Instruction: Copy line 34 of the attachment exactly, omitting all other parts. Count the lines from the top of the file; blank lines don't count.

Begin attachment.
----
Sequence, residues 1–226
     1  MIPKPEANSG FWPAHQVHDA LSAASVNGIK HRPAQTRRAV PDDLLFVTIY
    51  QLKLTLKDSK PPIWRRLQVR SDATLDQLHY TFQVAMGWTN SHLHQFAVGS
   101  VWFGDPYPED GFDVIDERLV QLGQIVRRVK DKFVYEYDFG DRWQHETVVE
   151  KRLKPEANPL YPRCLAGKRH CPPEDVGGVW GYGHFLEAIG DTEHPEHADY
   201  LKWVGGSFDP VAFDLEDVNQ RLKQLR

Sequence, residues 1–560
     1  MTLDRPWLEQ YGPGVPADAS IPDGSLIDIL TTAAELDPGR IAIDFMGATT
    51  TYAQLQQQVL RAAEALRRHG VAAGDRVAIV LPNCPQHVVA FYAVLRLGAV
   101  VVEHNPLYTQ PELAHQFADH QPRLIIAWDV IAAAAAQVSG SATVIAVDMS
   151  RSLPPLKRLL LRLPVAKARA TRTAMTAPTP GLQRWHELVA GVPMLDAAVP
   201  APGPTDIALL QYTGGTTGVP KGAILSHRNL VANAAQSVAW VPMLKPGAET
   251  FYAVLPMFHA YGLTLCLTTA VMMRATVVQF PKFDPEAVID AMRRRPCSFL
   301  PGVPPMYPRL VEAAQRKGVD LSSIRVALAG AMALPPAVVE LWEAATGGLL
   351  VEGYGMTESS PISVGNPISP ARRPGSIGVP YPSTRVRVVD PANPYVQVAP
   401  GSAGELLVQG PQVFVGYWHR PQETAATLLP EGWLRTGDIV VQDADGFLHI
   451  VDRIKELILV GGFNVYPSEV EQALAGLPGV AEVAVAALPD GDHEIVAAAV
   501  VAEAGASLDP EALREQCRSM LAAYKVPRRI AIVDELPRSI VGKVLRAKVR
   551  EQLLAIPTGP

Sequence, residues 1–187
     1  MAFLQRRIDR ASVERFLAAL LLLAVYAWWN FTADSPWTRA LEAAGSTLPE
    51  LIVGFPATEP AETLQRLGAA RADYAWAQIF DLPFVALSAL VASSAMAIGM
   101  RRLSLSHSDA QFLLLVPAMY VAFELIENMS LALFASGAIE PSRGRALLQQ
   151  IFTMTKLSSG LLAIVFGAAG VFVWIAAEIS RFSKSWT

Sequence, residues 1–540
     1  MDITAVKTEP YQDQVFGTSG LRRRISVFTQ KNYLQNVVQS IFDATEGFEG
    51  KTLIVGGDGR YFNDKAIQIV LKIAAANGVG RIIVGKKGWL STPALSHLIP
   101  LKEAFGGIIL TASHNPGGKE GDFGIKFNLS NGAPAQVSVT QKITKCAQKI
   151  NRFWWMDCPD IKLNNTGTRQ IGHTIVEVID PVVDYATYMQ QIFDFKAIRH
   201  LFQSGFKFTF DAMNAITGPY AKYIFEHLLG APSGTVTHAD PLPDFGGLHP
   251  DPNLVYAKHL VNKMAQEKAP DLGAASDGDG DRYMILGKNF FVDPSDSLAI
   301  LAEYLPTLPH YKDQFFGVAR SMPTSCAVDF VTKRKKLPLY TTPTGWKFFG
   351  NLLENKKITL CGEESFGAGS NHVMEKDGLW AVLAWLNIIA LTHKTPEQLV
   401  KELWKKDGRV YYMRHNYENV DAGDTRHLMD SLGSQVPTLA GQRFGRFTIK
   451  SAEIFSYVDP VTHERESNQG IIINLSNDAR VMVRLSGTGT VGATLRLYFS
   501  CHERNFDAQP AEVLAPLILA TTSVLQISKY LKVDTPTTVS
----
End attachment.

   401  KELWKKDGRV YYMRHNYENV DAGDTRHLMD SLGSQVPTLA GQRFGRFTIK